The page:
Regardless Of Ruling, Wisconsin Governor Won’t Act On Health Care Reform Until After November Election

Wisconsin Gov. Scott Walker (R) has consistently refused to implement the Affordable Care Act in his state. He rejected $9 million in grants from the health reform law that would have “focused on fighting drug and alcohol abuse” while cutting state funding for health services, like drug and alcohol prevention programs in schools. And he sent back federal grants to help the state set up its health care exchange.

Walker promised in January that he would not implement a state exchange program until after the Supreme Court ruled on the Affordable Care Act, but now the governor says he will not act on the law no matter what the ruling is on Thursday:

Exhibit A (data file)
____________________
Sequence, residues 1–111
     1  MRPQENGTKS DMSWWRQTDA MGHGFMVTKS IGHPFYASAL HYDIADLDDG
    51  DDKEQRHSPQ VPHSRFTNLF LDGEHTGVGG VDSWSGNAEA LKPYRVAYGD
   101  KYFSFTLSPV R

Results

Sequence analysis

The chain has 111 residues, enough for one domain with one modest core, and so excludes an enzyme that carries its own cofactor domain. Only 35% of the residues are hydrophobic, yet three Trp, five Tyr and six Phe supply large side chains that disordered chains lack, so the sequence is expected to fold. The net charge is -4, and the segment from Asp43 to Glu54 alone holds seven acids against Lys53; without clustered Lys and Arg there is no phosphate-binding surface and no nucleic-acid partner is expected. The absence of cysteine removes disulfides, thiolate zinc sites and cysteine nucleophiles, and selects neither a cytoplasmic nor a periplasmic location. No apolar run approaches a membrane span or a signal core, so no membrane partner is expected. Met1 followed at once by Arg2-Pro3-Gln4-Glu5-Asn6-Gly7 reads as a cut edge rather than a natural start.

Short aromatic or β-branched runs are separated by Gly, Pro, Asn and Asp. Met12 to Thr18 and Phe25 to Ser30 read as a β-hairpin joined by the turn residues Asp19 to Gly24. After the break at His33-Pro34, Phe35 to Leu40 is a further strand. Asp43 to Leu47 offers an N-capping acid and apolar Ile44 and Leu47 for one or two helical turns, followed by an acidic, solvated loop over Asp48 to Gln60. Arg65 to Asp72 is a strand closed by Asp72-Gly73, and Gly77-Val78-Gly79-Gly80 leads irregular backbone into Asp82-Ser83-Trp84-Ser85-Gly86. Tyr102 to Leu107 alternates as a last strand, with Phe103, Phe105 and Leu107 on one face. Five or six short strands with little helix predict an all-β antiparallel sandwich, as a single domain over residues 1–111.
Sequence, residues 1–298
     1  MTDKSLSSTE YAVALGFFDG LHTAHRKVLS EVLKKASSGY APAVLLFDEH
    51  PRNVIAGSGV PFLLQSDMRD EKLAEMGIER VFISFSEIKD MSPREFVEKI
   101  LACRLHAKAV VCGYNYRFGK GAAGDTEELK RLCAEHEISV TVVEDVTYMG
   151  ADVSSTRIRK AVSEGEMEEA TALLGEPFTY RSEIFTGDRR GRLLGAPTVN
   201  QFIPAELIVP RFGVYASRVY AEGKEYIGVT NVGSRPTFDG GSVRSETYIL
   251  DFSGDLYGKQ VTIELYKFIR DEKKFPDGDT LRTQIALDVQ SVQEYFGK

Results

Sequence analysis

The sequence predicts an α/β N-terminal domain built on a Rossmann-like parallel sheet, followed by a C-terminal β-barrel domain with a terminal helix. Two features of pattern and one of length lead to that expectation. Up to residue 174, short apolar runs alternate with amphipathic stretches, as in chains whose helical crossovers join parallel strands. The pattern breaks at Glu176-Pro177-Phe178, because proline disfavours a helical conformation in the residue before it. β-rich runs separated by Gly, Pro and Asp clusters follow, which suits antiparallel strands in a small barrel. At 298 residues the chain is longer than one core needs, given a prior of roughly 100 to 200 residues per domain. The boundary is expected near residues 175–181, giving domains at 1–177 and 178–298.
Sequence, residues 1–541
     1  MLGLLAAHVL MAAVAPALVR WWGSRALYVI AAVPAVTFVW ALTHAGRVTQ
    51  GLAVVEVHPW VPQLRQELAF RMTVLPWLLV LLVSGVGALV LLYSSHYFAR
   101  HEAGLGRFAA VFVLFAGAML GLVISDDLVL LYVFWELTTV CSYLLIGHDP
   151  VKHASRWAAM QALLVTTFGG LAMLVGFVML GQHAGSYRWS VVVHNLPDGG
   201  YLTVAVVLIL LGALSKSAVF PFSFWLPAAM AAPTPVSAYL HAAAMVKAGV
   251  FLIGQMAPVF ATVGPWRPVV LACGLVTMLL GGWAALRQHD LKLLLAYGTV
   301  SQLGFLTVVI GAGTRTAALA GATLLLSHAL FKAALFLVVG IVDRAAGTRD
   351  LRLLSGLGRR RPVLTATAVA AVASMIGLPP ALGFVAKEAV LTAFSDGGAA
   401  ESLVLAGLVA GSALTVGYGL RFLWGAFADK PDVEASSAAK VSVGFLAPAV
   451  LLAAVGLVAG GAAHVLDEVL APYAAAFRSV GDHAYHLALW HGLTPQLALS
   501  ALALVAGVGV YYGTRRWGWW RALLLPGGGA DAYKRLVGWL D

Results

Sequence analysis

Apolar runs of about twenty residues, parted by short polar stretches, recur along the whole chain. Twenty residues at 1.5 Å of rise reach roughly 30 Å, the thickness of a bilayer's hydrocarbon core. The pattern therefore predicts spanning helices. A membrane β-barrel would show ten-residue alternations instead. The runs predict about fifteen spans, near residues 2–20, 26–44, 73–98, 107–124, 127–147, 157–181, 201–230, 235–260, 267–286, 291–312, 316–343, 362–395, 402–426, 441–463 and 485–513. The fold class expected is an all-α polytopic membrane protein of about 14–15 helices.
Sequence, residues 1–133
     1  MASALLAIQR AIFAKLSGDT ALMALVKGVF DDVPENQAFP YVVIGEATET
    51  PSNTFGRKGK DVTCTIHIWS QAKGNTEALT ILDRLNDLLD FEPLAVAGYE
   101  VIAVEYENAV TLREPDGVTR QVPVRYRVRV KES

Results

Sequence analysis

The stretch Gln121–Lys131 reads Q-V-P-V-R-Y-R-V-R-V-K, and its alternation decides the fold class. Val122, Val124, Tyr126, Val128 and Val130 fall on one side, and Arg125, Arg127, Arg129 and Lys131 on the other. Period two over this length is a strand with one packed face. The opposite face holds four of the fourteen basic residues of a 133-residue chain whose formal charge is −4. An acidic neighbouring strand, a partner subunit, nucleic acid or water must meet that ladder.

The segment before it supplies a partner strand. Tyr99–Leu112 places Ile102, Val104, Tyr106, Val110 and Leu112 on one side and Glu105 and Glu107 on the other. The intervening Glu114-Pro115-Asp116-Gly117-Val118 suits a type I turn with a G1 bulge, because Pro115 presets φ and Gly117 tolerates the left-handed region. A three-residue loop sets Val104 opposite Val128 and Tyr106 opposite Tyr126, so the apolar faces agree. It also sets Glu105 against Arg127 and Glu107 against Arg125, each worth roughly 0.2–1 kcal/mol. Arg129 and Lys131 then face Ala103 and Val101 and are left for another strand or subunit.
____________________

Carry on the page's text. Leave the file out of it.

Earlier this month, the Republican governor went even further, saying that if the law is upheld he will not do anything until after the election, hoping that the next president and Congress will repeal it.

Only after those two fail would Wisconsin “figure out some alternative within the state,” Walker said in a statement released by his office this week.

The Associated Press points out that, in one of his first actions after taking office in January 2011, Walker authorized the state attorney general to join a multi-state lawsuit trying to block the law. At the same time that Walker has actively worked against a law that would expand affordable health care access to millions of Americans, Wisconsin residents face higher than average health costs, and 64,000 children in the state are uninsured.